Parties in mediation empowered to make their own decisions

Last year, 55 per cent of divorce applications were filed on the simplified track where parties are in full agreement on all relevant issues. Of the remaining 45 per cent of divorce cases filed, about half of them would have undergone the mediation p
Last year, 55 per cent of divorce applications were filed on the simplified track where parties are in full agreement on all relevant issues. Of the remaining 45 per cent of divorce cases filed, about half of them would have undergone the mediation process.PHOTO: ST FILE

We thank Madam Lily Ong for recognising that since the establishment of the Family Justice Courts, the rate of divorce settlements in Singapore has improved significantly, with the vast majority of cases being fully resolved without the need for a contested hearing (Room for family courts to be even more efficient, April 27).

The family justice system encourages and supports the harmonious resolution of family disputes by agreements instead of litigation. Last year, 55 per cent of divorce applications were filed on the simplified track where parties are in full agreement on all relevant issues.

Of the remaining 45 per cent of divorce cases filed last year, about half of them would have undergone the mediation process.

Of the divorce cases that went through mediation, about 70 per cent were fully resolved and a further 16 per cent were at least partially resolved through mediation. Overall, only between 6 per cent and 9 per cent of all divorce cases require adjudication.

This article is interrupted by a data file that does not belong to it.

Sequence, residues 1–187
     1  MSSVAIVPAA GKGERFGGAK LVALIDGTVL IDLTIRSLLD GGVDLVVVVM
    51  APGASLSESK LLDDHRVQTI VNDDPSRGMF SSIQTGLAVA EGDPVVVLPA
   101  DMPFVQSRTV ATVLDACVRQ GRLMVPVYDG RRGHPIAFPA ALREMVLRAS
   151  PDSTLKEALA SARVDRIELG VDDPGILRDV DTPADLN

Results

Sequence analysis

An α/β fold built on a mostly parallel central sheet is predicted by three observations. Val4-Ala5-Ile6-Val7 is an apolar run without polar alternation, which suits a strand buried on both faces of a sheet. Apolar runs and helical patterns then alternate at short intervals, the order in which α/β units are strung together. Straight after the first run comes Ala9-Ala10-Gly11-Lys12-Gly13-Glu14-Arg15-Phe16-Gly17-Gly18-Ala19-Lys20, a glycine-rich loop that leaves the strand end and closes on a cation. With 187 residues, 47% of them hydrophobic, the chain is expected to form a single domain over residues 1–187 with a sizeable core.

In divorce proceedings, the court is the final arbiter of all the issues; thus if agreements are reached by parties through mediation or other means, the court will record these agreements as court orders made with the consent of the parties.

Between reaching an agreement and the recording by the court based on the agreement, parties could change their minds. The court recognises that parties in mediation should be and are empowered to make their own decisions.

In this regard, the court manages such cases and seeks to strike a balance between the need of parties to have the time and space to reach well-thought-out voluntary agreements and the need for expeditious proceedings without undue delay.

There is, however, no specific stage in the proceedings where parties are given up to five weeks to change their minds. Cases have different needs and each may take different periods of time to reach resolution.

Kenneth Yap

Registrar

Family Justice Courts

A version of this article appeared in the print edition of The Straits Times on May 04, 2019, with the headline 'Parties in mediation empowered to make their own decisions'. Print Edition | Subscribe